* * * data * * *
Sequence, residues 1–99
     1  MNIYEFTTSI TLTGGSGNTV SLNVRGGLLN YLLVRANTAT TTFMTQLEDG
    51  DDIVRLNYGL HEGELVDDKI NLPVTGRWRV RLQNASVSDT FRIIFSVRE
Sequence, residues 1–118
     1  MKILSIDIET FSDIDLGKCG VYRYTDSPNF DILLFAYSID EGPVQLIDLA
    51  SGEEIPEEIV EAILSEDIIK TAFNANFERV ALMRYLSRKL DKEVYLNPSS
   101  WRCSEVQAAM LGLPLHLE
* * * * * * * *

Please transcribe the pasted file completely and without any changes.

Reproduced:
Sequence, residues 1–99
     1  MNIYEFTTSI TLTGGSGNTV SLNVRGGLLN YLLVRANTAT TTFMTQLEDG
    51  DDIVRLNYGL HEGELVDDKI NLPVTGRWRV RLQNASVSDT FRIIFSVRE
Sequence, residues 1–118
     1  MKILSIDIET FSDIDLGKCG VYRYTDSPNF DILLFAYSID EGPVQLIDLA
    51  SGEEIPEEIV EAILSEDIIK TAFNANFERV ALMRYLSRKL DKEVYLNPSS
   101  WRCSEVQAAM LGLPLHLE